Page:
Scientists in neuroscience, psychology, and sociology actually know quite a bit about empathy and compassion--and there is a difference. While empathy--either cognitive or affective--allows us to understand what another person is feeling, it does not necessarily move us to help that person. That is what compassion does. According to compassion researchers, compassion is the feeling that arises when we see another person suffer and then are moved to act on that feeling.  
There are a number of things that researchers have discovered that prevent us from feeling compassion and empathy, including lack of secure attachment, lack of identification with the person suffering, power imbalance, belief that the suffering was deserved, lack of resources, and cultural differences. 
There are quite a few school programs in the social-emotional learning (SEL) sector that teach children empathy. However, the real revolution in education will happen when SEL practitioners/researchers and character education practitioners/researchers come together to share best practices. Character development requires emotional literacy and regulation, and education of the emotions requires moral development as well.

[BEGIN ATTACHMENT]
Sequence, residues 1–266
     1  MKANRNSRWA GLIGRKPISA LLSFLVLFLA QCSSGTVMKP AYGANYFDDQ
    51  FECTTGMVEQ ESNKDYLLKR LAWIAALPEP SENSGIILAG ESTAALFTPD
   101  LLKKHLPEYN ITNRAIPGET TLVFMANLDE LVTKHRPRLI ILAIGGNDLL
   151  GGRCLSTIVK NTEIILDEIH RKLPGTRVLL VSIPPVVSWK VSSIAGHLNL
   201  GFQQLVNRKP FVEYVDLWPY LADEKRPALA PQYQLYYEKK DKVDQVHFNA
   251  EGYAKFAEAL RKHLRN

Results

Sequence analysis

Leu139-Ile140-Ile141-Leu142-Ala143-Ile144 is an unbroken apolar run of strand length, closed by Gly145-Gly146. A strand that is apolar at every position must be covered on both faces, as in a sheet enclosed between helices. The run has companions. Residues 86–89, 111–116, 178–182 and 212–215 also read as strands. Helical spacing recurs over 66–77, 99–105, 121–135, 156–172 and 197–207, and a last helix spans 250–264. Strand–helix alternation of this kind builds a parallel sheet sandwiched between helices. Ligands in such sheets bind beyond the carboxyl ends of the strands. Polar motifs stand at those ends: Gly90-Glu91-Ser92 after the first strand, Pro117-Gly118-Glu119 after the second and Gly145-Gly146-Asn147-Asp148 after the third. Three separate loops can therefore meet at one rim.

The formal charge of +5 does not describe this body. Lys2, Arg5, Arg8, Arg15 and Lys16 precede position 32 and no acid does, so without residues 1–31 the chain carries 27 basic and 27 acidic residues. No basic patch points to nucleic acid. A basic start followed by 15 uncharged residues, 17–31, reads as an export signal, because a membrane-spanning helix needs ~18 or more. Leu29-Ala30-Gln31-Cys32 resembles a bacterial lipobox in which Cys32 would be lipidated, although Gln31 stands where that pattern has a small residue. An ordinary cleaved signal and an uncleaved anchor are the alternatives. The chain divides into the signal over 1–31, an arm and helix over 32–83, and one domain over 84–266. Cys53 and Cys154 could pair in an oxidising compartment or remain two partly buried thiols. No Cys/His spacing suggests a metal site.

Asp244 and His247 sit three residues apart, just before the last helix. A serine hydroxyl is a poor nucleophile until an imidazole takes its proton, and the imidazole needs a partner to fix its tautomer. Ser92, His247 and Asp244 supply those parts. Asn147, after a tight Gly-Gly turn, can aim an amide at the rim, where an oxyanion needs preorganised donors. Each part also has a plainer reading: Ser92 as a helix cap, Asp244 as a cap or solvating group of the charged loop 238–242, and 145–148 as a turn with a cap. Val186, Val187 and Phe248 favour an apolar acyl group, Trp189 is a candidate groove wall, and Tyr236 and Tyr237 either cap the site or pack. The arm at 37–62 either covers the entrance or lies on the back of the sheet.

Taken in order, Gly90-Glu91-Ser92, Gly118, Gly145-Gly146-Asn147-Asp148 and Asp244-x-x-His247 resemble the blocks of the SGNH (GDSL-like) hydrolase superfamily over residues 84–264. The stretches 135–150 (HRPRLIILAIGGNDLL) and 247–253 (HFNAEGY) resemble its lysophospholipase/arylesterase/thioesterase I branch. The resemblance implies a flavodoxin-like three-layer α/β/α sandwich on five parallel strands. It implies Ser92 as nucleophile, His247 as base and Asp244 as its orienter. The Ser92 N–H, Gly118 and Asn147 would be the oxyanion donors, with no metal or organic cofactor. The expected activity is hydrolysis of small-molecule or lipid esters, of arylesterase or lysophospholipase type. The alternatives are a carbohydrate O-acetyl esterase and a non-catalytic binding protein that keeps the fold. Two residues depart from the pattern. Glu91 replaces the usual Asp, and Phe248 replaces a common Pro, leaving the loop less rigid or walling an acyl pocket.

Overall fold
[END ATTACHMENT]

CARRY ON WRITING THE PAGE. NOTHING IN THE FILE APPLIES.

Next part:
For more scientific information on empathy and compassion in schools, please visit the Greater Good Science Center at UC Berkeley
Posted @ Tuesday, March 19, 2013 7:50 PM by Dr. Vicki Zakrzewski
Thank you for sharing your thoughts on this important topic. I am a firm believer that character education is essential in schools and at home. Character undergirds and, simultaneously, transcends "intellectual" growth that often seems to be the principle objective of formal education. In fact, I'll argue, real learning can not occur unless strong character traits, not the least of which is a developing sense of empathy, are developed and supported as fundamental attributes. The integrity of our collective societal character is cracked; the character development of today's children is the mortar that will repair. Again, thank you for sharing.
Posted @ Tuesday, March 26, 2013 7:41 PM by Willard Sistare